https://dfid.blog.gov.uk/2013/11/21/typhoon-haiyan-12-days-on-in-the-philippines/

Typhoon Haiyan – 12 days on in the Philippines…

The storm surge from Typhoon Haiyan completely washed away all of the houses facing onto the beach in Tanza – when we visited 12 days after, all that was left were a few concrete foundations, and haphazard piles of rubble, wood and broken bamboo. As I walked along the beach taking a photograph, a man sitting under the shade of a tarpaulin propped over the broken frame of a fishing boat said to me, pointing to where I was standing, “house gone”. “Yes”, I responded – it was quite hard to know what else to say.

Piles of rubble and debris in Estancia in Panay Island. Picture: HMS Daring.
Piles of rubble and debris in Estancia in Panay Island. Picture: HMS Daring.

Three or 4 rows of houses in from the sea, buildings are still standing, more or less. Tiles or corrugated iron sheets have been ripped off, whilst fallen trees and felled power lines have inflicted further damage on the buildings. When we arrive, the villagers of Tanza are queuing up in the humid midday sun for a distribution of plastic sheets and household utensils (cutlery, pans, plates etc) from Save the Children (UK aid is directly supporting Save’s response to the Typhoon in several areas in the Philippines, including Tacloban). The packs are only being distributed to people whose houses were partially or fully destroyed, but in Tanza this is almost 90%. People’s livelihoods have been literally shattered as fishing boats were wrecked by the typhoon, coconut trees felled, crops decimated or ruined by salination from the storm surge.

Children play in a hammock in Tanza, on Panay Island. Picture: Henry Donati/DFID.
Children play in a hammock in Tanza, on Panay Island. Picture: Henry Donati/DFID.

Media coverage has focused on the dramatic pictures and the devastation wrought in Tacloban, but as the days roll on international attention moves elsewhere, it’s clear that other areas of the Philippines were just as badly affected. Typhoon Haiyan island-hopped across the Philippines from West to East, and just as it is the Philippines’ misfortune to be prone to just about every natural disaster possible, being a country of more than 7000 islands, when a calamity like Typhoon Haiyan happens, some of the more isolated island communities become impossible to reach. At the same time as we’re visiting Tanza, not too far away off the coast HMS Daring is visiting these remote islands, distributing essential supplies and providing medical assistance. The destructive path the typhoon took is really localised, leaving some one neighbouring island with total devastation and its neighbour virtually untouched: aerial reconnaissance photos from Daring showed images of Boracay’s untouched verdant green golf courses on one shot, and total devastation wrought on other islands in the next.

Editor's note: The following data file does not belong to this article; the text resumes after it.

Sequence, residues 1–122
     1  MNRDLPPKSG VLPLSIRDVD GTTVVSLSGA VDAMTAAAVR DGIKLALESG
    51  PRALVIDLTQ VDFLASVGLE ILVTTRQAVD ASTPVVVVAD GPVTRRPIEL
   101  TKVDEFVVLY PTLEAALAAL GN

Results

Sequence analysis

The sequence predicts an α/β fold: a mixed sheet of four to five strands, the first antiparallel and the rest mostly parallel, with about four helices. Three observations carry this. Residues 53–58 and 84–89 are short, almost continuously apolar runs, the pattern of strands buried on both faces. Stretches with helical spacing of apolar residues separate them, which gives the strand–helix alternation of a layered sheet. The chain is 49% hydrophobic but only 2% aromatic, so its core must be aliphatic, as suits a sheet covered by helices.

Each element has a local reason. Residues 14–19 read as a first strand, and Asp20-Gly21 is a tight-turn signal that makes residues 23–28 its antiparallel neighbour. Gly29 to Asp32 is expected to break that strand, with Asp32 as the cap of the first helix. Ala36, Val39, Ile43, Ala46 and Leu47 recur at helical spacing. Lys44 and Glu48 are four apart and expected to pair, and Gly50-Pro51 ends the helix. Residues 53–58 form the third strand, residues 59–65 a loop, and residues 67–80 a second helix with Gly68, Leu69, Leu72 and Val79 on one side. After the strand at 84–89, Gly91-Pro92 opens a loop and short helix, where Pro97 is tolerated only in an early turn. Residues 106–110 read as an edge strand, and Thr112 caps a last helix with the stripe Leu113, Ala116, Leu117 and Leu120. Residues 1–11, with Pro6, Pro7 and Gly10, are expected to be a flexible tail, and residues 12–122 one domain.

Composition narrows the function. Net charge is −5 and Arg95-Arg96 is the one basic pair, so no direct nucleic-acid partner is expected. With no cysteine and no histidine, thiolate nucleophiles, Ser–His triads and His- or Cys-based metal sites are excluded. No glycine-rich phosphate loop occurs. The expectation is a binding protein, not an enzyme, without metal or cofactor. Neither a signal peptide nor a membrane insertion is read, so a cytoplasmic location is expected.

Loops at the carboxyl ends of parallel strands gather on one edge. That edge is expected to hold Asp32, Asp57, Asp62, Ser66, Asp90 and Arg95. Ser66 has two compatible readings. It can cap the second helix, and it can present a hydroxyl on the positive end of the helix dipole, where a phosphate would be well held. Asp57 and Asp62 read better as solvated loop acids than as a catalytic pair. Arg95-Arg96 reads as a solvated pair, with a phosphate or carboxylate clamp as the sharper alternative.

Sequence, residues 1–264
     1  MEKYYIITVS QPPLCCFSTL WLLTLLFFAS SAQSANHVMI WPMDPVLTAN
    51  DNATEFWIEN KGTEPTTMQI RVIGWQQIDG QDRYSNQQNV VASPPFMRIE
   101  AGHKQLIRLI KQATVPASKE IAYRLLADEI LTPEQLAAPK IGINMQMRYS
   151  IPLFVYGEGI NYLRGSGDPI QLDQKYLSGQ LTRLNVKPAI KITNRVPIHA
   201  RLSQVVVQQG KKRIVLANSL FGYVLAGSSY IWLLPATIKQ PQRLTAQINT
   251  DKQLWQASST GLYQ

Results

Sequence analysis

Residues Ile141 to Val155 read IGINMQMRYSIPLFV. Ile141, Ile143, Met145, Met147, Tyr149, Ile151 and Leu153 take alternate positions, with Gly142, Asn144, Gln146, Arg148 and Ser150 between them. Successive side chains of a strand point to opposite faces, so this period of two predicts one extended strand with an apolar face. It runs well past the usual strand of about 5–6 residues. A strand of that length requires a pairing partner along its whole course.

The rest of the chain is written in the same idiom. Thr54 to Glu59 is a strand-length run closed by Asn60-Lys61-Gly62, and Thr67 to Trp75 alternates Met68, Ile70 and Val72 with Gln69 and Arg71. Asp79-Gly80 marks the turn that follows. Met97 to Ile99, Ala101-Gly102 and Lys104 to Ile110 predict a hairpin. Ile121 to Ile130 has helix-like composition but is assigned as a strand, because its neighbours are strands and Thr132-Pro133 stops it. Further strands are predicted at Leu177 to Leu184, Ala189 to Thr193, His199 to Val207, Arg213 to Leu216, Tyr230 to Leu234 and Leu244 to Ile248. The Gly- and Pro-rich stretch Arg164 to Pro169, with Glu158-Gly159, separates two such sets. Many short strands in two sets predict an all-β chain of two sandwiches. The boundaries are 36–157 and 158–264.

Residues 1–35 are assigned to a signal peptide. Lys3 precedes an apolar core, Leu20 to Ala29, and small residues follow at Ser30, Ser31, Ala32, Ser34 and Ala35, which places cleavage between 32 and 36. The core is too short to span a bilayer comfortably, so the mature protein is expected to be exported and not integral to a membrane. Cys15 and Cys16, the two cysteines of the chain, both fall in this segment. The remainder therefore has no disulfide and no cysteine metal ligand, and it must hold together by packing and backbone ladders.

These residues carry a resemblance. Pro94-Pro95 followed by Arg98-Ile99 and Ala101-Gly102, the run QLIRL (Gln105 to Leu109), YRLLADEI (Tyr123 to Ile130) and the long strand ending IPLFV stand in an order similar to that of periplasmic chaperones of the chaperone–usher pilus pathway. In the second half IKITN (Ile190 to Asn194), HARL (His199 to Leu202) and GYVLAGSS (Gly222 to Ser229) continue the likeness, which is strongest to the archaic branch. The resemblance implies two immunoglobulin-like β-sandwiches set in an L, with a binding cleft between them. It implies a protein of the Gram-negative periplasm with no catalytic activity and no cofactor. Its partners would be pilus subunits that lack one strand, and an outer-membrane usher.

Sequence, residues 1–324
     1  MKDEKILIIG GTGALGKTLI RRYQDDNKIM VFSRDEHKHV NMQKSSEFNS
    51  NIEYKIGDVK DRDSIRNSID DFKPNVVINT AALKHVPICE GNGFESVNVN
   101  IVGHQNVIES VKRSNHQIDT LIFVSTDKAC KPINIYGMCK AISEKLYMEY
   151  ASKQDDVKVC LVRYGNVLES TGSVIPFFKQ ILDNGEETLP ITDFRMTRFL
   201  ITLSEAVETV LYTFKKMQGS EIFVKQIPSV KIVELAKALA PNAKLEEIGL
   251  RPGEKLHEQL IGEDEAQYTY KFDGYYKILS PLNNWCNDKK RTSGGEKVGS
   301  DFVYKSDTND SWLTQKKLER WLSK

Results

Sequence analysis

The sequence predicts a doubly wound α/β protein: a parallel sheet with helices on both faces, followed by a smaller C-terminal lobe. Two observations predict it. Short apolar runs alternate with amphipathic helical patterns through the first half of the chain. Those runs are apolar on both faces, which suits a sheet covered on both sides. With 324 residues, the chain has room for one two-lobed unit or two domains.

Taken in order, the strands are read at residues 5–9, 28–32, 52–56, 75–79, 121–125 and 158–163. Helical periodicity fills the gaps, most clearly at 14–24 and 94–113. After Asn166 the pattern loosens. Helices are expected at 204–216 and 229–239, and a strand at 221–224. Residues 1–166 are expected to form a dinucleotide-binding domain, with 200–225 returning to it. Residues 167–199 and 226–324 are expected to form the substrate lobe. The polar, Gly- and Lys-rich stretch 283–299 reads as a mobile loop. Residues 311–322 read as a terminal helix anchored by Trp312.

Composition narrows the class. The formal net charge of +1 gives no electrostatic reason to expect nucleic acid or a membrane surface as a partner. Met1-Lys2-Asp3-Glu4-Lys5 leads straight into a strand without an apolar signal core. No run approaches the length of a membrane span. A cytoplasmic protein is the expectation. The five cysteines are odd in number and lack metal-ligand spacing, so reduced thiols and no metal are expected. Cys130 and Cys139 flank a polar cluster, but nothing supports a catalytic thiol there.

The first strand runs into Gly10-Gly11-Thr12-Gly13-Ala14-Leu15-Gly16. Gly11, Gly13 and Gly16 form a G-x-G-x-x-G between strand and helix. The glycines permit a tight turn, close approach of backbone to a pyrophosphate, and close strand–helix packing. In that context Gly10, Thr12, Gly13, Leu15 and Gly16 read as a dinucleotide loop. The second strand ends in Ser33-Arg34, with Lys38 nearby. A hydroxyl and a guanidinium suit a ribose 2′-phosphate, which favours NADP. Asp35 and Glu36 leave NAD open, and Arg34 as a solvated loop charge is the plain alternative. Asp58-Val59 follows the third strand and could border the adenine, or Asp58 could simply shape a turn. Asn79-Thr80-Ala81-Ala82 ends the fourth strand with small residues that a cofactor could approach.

Women wait in line as the Save the Children truck gives out supplies. Despite reports of unrest, the atmosphere here is jovial. Picture: Henry Donati/DFID.
Women wait in line as the Save the Children truck gives out supplies in Tanza. Despite reports of unrest, the atmosphere here is jovial. Picture: Henry Donati/DFID.

Media coverage leapt on reports of looting and unrest in Tacloban and elsewhere in the days following the storm – but everything we have heard and seen suggested otherwise. Yes, people were understandably shocked, and desperate for food and water in the initial days following the storm, but Filippino communities have pulled together, and everyone we’ve met seems resolute and determined to recover and build back their lives as best they can. Back in Tanza, good natured jostling within the queue starts as the Save the Children trucks pull up. Wizened old women dig their elbows in, and enthusiastically wave as I walk down the line of people. Children chase me down the beach, giggling as I ask to take their photos; their school is damaged and won’t be open until January at the earliest we hear, their parents’ livelihoods are probably seriously affected, but everyone seems to be focusing on trying to put their lives back together.

Estancia municipal hall. Picture: Henry Donati/DFID.
Estancia municipal hall. Picture: Henry Donati/DFID.

As I sat in the evening nursing a beer in a dingy bar in Roxas city trying to collect my thoughts and put together my notes for the day, several locals came up to me and said “thank you for what you’re doing to help my country”, “thank you to everyone in your country for their support”. It’s embarrassing really – most of what we do is based out of a hotel in Manila, fuelled on a diet of long hours, caffeine and fast food. Long after we and most of the international community has packed their bags and gone home – as ever it will be the Filipinos who are the first responders on the scene, and those people like the women who’d lost her own house in the storm, but who volunteered to travel to Tanza and help the distribution of tarpaulins, who will actually make the difference.

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For the latest updates on the UK’s response to Typhoon Haiyan: https://www.gov.uk/government/news/typhoon-haiyan-latest-updates-on-uk-aid

 

3 comments

  1. Thang

    I come from Vietnam and we also suffer the consequences from Haiyan storm. But what the Filipino people suffer so much more than we do. We hope that you will pass quickly!

    Reply
  2. Tai Game Android

    I hope that you will pass quickly

    Reply
  3. Ravi Dagar

    :( it is bad to see the horrible destruction ..but there is so many gud people to help these needy persons n such these cute children… i will also send money as i can …..may god bless them..:)

    Reply

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